Date of Award

August 2019

Degree Type


Degree Name

Doctor of Philosophy


Social Welfare

First Advisor

Thomas P LeBel

Committee Members

Tina L Freiburger, Michael Brondino, Danielle Romain, Jonathan W Caudill


Alcohol Dependence, Jail, Mental Health, Recidivism, Substance Abuse


The rabble was a term first used by Irwin (1985) to describe the detached individuals that are incarcerated in America’s jails. These individuals are not overly violent or malicious, rather these are the people that the rest of society would rather not have on their streets. Irwin’s (1985) work was completed in San Francisco in the late 1970s and early 1980s. However, since then there has been very little replication of his work. This study examines a more contemporary jail population to see if Irwin’s analysis is still relevant. Moreover, this study examines a jail population in a non-urban area. Much of the reentry literature has examined individuals returning from prison in urban areas. While the research indicates that the majority of individuals return to urban areas, a fair number of individuals are never arrested or incarcerated in urban areas. Thus, it is important to better understand how recidivism from jail operates in a non-urban area.

This study takes a mixed-methods approach in uncovering how this kind of recidivism operates as well as who is incarcerated in a non-urban jail. The quantitative portion of this study examined data from the Pretrial Services Screening Report (PSSR) , which provides information on the barriers to reentry (mental and physical health issues, alcohol and substance abuse, education, housing, veteran status) and factors that are associated with desistance from crime (marriage, employment, parenthood). By combining both desistance factors and barriers to reentry, this study helps us better understand why individuals recidivate as well as how they avoid further involvement with the criminal justice system. Also, within the quantitative portion, will be a replication of Irwin’s (1985) typology. However, this typology was constructed using hierarchical cluster analysis, instead of interviews with incarcerated individuals.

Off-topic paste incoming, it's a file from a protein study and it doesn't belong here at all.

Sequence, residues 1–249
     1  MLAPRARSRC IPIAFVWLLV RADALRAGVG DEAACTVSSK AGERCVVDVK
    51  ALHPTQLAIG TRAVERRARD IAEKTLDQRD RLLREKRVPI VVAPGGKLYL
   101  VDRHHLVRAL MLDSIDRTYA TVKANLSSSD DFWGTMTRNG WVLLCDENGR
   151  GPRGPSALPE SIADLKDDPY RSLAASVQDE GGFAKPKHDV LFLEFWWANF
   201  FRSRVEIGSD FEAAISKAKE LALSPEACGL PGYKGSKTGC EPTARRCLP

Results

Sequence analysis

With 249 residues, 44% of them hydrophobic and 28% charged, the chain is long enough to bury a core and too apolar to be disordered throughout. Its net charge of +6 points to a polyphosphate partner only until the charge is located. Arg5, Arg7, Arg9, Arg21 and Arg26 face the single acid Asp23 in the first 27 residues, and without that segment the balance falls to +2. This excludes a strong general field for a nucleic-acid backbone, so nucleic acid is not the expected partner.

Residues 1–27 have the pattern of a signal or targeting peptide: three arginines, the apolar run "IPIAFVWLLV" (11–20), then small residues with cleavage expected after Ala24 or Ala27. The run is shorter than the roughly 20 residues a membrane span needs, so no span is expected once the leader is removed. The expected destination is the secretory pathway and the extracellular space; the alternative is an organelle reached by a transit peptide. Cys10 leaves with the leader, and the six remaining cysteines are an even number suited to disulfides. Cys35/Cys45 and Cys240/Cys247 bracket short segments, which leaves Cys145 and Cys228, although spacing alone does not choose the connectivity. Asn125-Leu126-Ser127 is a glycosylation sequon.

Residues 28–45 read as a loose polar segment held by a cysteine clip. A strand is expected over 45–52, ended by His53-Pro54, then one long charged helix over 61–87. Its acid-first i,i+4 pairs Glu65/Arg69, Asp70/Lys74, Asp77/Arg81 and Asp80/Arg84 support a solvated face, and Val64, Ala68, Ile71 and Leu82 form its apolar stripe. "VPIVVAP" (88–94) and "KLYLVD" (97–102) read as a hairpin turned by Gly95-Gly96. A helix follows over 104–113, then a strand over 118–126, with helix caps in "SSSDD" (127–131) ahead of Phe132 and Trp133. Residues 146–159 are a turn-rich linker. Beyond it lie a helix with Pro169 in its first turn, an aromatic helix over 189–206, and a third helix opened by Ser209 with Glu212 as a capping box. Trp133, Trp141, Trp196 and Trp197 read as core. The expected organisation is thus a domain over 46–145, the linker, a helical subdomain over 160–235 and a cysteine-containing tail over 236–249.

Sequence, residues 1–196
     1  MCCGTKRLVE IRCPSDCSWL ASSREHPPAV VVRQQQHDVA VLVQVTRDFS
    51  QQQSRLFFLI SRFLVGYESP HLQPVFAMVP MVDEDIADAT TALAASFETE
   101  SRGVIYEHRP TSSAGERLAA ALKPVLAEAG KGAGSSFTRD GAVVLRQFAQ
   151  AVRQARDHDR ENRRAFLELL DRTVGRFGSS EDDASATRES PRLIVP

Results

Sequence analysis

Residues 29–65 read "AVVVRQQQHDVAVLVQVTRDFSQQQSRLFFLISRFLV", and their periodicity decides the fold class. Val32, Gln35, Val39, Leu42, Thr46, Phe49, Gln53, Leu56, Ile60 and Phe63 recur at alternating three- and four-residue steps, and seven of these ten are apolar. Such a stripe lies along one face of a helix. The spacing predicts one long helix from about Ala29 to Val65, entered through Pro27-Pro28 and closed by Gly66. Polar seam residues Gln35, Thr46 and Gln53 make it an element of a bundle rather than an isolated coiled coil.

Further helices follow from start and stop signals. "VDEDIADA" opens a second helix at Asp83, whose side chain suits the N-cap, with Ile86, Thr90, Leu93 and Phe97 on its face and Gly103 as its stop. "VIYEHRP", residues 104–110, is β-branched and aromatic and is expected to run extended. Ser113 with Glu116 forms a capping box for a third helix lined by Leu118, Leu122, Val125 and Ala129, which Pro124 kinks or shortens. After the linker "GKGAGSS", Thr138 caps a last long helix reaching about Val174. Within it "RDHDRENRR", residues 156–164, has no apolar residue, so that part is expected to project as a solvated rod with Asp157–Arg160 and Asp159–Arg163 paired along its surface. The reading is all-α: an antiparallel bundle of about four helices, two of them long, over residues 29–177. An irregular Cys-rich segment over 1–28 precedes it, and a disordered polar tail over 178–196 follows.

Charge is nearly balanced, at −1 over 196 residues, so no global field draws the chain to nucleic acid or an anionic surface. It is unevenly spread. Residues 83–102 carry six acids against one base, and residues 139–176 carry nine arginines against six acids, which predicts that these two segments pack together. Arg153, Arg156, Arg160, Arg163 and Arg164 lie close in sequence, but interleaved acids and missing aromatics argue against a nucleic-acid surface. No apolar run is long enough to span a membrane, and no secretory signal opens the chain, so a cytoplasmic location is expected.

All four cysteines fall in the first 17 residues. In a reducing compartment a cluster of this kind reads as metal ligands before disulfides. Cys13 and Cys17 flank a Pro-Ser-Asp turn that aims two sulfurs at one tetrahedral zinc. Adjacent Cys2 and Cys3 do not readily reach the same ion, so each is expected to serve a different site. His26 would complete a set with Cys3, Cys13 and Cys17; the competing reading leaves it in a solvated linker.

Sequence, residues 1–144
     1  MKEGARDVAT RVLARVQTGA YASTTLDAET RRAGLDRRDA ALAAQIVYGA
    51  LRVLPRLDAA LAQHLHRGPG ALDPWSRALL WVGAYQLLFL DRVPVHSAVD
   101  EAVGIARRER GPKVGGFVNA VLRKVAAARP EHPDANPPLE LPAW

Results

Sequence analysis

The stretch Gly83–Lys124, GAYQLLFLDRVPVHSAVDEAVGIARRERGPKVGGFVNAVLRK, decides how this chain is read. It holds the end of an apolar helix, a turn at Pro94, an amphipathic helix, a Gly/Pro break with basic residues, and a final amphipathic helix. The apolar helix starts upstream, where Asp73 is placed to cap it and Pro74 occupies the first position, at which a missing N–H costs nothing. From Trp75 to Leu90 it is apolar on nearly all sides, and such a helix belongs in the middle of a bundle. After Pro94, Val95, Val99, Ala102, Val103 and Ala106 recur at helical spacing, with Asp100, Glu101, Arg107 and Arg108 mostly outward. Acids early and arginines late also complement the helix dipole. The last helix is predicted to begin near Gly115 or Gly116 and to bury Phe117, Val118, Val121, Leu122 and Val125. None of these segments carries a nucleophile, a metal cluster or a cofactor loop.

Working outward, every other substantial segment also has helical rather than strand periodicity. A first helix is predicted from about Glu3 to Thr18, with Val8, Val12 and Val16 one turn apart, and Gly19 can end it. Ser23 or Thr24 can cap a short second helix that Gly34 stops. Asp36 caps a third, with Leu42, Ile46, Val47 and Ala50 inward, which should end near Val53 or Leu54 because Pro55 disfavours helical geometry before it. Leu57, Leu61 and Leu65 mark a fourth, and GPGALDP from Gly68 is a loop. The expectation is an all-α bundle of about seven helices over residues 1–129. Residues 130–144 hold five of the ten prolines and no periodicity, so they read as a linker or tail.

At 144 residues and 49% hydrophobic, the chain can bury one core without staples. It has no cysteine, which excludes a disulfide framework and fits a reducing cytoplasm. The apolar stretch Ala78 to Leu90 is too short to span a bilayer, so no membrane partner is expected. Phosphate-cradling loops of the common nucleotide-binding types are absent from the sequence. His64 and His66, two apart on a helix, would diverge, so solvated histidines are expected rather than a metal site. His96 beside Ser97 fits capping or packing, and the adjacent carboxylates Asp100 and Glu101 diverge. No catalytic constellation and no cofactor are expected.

For the qualitative portion, the grounded theory methodology was used to construct a theoretical framework for understanding jail reentry in a non-urban area. This analysis was conducted by interviewing the security and administrative staff (correctional officers, command staff, case managers, and jail screeners) at the Waukesha County Jail. Much of the reentry literature has interviewed inmates in understanding their reentry experience. While this is valuable information, the decision to interview correctional staff was made because of their experiences with individuals incarcerated at their facility, specifically the individuals who have cycled in and out of the jail. Interview participants were asked questions surrounding what kinds of offenders are in jail, the issues these individuals face, and why they come back. With these two approaches, the results were used to triangulate the answers to the major research questions – who is in a non-urban jail and why they come back?

Results suggest that young, male individuals, with a prior record, and whose initial charge was a property offense were most likely to reoffend. However, the reasons for recidivism differ by location. It is clear that individuals in urban and non-urban areas differ in terms of barriers to reentry and desistance factors. This study also highlights why using a mixed methods study allows the researcher to develop more detailed conclusions and a deeper understanding of the problem at hand. The combination of descriptive statistics, logistic regression, cluster analysis, and in-depth interviews allowed the researcher to better understand not only who was in jail but why some individuals come back.

Irwin’s (1985) analysis revealed that the jail is a warehouse for San Francisco’s underclass. The primary goal of this study was to examine if jails in the suburbs are housing the underclass and how recidivism operates for this offender population. Essentially, this study was looking for (and found) the rabble in the suburbs.

Included in

Criminology Commons